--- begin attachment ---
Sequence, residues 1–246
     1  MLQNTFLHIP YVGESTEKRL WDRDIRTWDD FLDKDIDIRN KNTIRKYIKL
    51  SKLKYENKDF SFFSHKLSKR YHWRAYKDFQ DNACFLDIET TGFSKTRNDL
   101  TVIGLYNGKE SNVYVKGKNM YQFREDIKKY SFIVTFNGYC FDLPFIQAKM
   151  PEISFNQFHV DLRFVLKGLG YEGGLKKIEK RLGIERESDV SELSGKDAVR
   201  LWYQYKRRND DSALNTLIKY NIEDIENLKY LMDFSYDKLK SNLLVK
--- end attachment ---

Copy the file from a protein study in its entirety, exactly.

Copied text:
Sequence, residues 1–246
     1  MLQNTFLHIP YVGESTEKRL WDRDIRTWDD FLDKDIDIRN KNTIRKYIKL
    51  SKLKYENKDF SFFSHKLSKR YHWRAYKDFQ DNACFLDIET TGFSKTRNDL
   101  TVIGLYNGKE SNVYVKGKNM YQFREDIKKY SFIVTFNGYC FDLPFIQAKM
   151  PEISFNQFHV DLRFVLKGLG YEGGLKKIEK RLGIERESDV SELSGKDAVR
   201  LWYQYKRRND DSALNTLIKY NIEDIENLKY LMDFSYDKLK SNLLVK